N

              z        w                   p ( w )   p ( z ) p ( wn | z )
                           N                         z          n 1
                               M




          d        z           w           p(d , wn )  p(d ) p(wn | z) p( z | d )
                                   N                            z
                                       M


 Problems: (1) p(z|d) only model the documents in the training data set and cannot for the
 unseen document; and (2) the parameter kV+kM grows linearly in M and thus overfitting.
14
     Graphical Interpretation
      The probability density of the Dirichlet
      distribution when K=3 for various parameter
      vectors α. Clockwise from top left: α=(6, 2, 2),
      (3, 7, 5), (6, 2, 6), (2, 3, 4).

                    ( i 1 α i )
                                   k

     p (θ | α )                             θ1 i 1
                                              α
                                                       θα k 1
                    
                            k                           k
                            i 1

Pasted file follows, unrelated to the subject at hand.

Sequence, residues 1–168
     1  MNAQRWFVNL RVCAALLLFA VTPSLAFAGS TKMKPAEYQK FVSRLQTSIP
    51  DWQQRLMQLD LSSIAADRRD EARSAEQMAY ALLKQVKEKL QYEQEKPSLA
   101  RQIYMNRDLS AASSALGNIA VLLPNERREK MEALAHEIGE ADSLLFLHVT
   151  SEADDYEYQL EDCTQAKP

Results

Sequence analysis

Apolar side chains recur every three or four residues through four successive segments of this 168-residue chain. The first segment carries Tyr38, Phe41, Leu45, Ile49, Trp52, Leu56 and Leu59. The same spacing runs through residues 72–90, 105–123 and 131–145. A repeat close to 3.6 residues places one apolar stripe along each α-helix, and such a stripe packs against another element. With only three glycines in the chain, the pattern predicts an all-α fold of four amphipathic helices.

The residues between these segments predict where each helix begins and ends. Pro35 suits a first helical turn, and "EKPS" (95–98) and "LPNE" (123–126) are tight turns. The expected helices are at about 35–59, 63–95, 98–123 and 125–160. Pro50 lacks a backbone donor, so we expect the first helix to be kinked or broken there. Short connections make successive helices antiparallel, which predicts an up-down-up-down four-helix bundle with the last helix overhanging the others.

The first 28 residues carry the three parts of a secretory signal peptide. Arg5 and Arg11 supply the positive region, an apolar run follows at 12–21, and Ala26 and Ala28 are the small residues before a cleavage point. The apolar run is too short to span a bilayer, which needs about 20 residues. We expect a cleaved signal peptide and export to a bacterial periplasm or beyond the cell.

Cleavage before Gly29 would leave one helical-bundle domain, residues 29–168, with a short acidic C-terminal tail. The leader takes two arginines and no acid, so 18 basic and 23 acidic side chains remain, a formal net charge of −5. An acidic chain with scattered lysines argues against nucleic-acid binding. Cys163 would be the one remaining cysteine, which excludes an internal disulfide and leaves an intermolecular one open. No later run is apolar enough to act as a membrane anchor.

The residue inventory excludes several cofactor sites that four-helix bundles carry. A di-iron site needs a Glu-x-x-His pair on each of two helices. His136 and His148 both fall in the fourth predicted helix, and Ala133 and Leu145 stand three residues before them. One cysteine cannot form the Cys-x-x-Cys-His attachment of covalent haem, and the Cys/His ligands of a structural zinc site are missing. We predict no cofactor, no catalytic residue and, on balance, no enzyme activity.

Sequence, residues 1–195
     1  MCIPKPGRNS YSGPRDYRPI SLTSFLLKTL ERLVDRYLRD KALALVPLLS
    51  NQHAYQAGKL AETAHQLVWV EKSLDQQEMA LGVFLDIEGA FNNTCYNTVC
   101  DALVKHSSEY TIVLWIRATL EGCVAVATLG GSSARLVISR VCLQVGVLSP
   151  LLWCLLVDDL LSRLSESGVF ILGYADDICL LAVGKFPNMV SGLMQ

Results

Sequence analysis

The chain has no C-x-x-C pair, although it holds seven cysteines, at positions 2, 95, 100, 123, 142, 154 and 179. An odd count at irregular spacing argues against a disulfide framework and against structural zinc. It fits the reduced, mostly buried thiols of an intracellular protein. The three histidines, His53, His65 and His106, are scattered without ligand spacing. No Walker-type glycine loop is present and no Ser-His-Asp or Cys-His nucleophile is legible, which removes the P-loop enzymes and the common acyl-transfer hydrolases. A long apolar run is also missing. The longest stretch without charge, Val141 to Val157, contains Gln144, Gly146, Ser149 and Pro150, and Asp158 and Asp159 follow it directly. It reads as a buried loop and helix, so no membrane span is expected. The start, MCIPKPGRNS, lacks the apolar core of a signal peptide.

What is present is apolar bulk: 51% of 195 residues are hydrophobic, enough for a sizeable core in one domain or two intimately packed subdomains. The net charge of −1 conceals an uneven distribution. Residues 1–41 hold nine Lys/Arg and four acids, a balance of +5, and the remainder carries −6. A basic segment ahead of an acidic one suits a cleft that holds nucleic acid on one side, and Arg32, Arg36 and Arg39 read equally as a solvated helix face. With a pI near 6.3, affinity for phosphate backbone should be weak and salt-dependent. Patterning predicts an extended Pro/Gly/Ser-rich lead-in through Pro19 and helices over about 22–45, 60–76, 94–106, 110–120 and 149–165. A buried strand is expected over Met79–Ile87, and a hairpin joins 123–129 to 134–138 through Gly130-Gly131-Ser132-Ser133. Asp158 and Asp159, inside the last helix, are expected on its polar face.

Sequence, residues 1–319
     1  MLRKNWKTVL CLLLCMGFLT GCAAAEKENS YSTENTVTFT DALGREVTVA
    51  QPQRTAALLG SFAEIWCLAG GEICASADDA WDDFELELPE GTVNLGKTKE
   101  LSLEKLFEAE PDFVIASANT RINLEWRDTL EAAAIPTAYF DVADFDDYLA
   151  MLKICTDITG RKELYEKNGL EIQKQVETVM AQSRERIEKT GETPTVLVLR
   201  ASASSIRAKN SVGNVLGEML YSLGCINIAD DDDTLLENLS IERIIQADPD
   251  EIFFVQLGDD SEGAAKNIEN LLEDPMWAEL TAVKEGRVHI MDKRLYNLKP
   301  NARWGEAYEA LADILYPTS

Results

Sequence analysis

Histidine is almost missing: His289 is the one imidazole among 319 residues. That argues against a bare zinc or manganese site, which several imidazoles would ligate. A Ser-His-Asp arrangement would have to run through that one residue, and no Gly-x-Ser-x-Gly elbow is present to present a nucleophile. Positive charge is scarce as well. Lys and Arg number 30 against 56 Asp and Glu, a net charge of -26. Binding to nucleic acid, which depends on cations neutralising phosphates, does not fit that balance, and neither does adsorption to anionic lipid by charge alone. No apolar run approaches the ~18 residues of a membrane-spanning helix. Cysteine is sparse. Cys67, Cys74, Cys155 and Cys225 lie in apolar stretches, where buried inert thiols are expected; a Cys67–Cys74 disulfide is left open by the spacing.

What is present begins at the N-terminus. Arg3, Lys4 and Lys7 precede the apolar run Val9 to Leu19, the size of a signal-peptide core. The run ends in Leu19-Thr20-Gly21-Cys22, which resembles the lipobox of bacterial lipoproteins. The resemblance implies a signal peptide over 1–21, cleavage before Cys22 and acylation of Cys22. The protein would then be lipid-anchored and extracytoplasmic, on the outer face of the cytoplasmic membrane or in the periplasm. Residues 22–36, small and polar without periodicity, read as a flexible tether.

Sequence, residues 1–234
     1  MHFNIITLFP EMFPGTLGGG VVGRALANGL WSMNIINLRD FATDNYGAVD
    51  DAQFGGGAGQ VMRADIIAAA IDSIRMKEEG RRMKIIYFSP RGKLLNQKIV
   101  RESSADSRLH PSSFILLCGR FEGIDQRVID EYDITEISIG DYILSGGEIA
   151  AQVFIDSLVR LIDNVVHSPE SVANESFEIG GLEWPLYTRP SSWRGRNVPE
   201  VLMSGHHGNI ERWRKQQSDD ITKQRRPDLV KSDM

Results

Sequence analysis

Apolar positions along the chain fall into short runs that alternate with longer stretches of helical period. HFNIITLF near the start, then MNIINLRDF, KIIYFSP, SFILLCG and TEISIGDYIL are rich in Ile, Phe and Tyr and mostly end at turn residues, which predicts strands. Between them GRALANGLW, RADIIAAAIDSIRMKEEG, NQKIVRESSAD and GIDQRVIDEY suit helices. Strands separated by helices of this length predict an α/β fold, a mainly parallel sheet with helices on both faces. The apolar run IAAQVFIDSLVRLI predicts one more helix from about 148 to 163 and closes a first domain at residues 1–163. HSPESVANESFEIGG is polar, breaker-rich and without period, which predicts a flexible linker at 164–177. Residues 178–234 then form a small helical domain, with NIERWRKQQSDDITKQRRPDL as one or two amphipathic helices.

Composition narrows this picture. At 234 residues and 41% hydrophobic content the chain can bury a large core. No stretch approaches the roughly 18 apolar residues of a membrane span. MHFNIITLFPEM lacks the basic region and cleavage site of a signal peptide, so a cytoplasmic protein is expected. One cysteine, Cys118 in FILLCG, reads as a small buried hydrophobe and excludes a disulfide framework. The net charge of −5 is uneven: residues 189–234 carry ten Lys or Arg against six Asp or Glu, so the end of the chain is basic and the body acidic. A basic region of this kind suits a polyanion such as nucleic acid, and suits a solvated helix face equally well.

(α i )


               
                    k
     θi  0,        i 1
                           θi  1




15
       Graphical Interpretation (cont.)




 • The Dirichlet prior on the topic-word distributions can be interpreted
   as forces on the topic locations with higher β moving the topic
   locations away from the corners of the simplex.
16
                    Matrix Interpretation




 • In the topic model, the word-document co-occurrence matrix is split into two parts:
   a topic matrix Φ and a document matrix Θ. Note that the diagonal matrix D in LSA
   can be absorbed in the matrix U or V, making the similarity between the two
   representations even clearer.
17
     Inference and Parameter Estimation
 • The key inferential problem is that of computing the
   posterior distribution of the hidden variables given a
   document:
                                           p (θ, z , w | α, β)
                     p (θ, z | w , α, β) 
                                              p ( w | α, β)
 • However, such distribution is intractable to compute in
   general. For normalization in the above distribution, we
   have to marginalize over the hidden variables and write the
   Equation (a) in terms of the model parameters:
                        ( i αi )  k αi 1   N k V              
        p ( w | α, β)               θi      (θiβij )
                                                              wnj
                                                                     dθ
                        i (αi )  i 1   n 1 i 1 j 1
                                               
                                                                    
                                                                    

18
     Inference and Parameter Estimation
 • The key inferential problem is that of computing the
   posterior distribution of the hidden variables given a
   document:
                                            p (θ, z , w | α, β)